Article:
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Look at something in cloud such as AWS solutions architect associate or Azure AZ103/203. On prem infrastructure is rapidly dying and user support is a shit show
"in the cloud" still runs on bare metal bud.

And even then, with vm's and such, it's always good to have a basic understanding of Linux.

Also, Linux is also the most used OS on the Azure platform.

Linux is literally everywhere, you just don't always see it 😉
 

MAI_6R

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"in the cloud" still runs on bare metal bud.

And even then, with vm's and such, it's always good to have a basic understanding of Linux.

Also, Linux is also the most used OS on the Azure platform.

Linux is literally everywhere, you just don't always see it 😉
yup , the saying goes cloud is 'just someone else's data Centre'

Linux is always a valuable skill ... linux+cloud=win
 

LaidToRest

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Been in IT for 15 Years now, worked my way up from "Techie" (currently do enterprise-level server support. Which includes virtualization and cloud as everything goes hand in hand). You still obviously need the fundamentals, but not just know them, you need to understand how everything fits and works together. It takes time to fully grasp and you need real-world working experience, but once you do it is quite easy to keep up with technology (you are always going to have to study and take exams, welcome to IT -_- ). By the time you are done studying there will most likely be something new that is the "go-to". You need to be able to adapt quickly. You are expected to be a Jack of all trades. This might change but that's where we are atm.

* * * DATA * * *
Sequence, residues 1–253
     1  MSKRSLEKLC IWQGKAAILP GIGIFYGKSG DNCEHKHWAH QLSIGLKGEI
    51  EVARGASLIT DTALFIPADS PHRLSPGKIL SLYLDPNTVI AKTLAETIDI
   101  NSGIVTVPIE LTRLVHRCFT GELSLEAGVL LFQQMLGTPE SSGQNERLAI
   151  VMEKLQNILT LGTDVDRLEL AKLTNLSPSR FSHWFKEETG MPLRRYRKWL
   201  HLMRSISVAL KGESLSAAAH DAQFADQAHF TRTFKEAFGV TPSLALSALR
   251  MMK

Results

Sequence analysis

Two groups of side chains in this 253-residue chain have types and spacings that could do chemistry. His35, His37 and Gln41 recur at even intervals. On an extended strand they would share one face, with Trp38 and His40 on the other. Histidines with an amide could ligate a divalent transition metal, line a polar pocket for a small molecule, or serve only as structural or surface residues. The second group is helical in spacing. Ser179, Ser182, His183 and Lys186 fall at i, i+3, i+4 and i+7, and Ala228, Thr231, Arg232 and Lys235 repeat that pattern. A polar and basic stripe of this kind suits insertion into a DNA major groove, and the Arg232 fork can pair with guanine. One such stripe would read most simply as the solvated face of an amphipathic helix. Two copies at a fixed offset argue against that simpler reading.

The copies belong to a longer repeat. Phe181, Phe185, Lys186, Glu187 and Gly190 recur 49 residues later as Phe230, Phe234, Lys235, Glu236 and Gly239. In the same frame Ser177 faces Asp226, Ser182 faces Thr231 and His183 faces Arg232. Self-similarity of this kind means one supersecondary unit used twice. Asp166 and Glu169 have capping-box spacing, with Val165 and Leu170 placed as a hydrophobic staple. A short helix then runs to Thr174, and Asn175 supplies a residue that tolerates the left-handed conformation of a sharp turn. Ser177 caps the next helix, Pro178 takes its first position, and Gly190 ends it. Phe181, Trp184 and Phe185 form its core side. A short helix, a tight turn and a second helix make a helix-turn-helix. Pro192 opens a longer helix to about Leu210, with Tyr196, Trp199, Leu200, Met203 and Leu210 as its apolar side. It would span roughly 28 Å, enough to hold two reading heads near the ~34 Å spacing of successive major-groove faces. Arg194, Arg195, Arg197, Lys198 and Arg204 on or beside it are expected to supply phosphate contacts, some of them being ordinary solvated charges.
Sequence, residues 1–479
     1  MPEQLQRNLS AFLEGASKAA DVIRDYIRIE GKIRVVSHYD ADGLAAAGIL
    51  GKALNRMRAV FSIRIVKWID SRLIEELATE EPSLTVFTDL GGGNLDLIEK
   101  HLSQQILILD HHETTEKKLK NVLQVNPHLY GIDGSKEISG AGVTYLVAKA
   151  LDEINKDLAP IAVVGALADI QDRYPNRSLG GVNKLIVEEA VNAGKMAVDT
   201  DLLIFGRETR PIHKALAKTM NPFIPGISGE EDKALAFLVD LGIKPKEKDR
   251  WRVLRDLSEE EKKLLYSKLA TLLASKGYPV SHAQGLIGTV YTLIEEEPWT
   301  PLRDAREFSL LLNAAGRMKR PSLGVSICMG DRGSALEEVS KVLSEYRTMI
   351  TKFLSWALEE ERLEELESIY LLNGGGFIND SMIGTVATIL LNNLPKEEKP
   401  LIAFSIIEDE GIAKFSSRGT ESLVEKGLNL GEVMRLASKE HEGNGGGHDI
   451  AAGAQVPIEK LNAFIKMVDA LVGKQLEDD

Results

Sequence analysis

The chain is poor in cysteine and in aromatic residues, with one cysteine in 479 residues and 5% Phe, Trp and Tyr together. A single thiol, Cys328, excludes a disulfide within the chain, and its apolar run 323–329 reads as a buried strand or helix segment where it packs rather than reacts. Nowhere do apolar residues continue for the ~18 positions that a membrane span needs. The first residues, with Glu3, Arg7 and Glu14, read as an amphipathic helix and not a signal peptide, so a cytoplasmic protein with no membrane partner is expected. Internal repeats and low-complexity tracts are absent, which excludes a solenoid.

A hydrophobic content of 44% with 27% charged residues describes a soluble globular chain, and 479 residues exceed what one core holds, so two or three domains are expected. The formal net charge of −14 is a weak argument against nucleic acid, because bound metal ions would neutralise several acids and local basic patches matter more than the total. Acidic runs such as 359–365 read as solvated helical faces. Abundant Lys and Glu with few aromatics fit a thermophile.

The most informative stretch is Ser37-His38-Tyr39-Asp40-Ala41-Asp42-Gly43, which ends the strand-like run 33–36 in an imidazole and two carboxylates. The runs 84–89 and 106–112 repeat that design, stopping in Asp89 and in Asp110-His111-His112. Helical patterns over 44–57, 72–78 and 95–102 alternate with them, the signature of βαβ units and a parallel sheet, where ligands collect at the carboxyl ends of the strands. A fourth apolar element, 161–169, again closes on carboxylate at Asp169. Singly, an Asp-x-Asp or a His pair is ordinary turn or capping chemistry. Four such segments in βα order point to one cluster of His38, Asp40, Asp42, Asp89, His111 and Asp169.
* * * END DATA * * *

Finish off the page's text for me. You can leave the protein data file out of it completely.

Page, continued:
Qui_Illustrati

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one his BSc is finished, that'll outway pretty much any entry level Comptia course, to the point where even if it's a requirement, they'll accept the degree in its place
No offense to the OP, but have you seen the calibre of folks stepping away and starting off with a BSc in Computer Sciences?
We have an internship program filled with these folks and they have zero clue about much outside of basic theory and rote learning.

The way I see it, ANY course that could complement already gained knowledge in the field you want to further yourself in can only ever be a good thing. None of it amounts to anything if there isn't a passion for the subject matter though.
 
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LaidToRest

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No offense to the OP, but have you seen the calibre of folks stepping away and starting off with a BSc in Computer Sciences?
We have an internship program filled with these folks and they have zero clue about much outside of basic theory and rote learning.

The way I see it, ANY course that could complement already gained skills in the field you want to further yourself in can only ever be a good thing. None of it amounts to anything if there isn't a passion for the subject matter though.
Agree, experience is basically everything. Once you actually start working you will feel like you have learned almost nothing. You do need the paperwork though, unfortunately, as this gets your foot in the door (they need to make sure that you are intellectually capable to learn and grow ;)).
 

Drew861

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+1 for linux and some AWS certs (SA associate is a good starting point). Get good and apply at AWS. Although cloud servers run on bare metal from a techie standpoint you most often deal with troubleshooting the applied service - with the hardware being handled by a different team, up to you which direction in you want to go in terms of supporting underlying infrastructure vs. services sitting on top of infrastructure.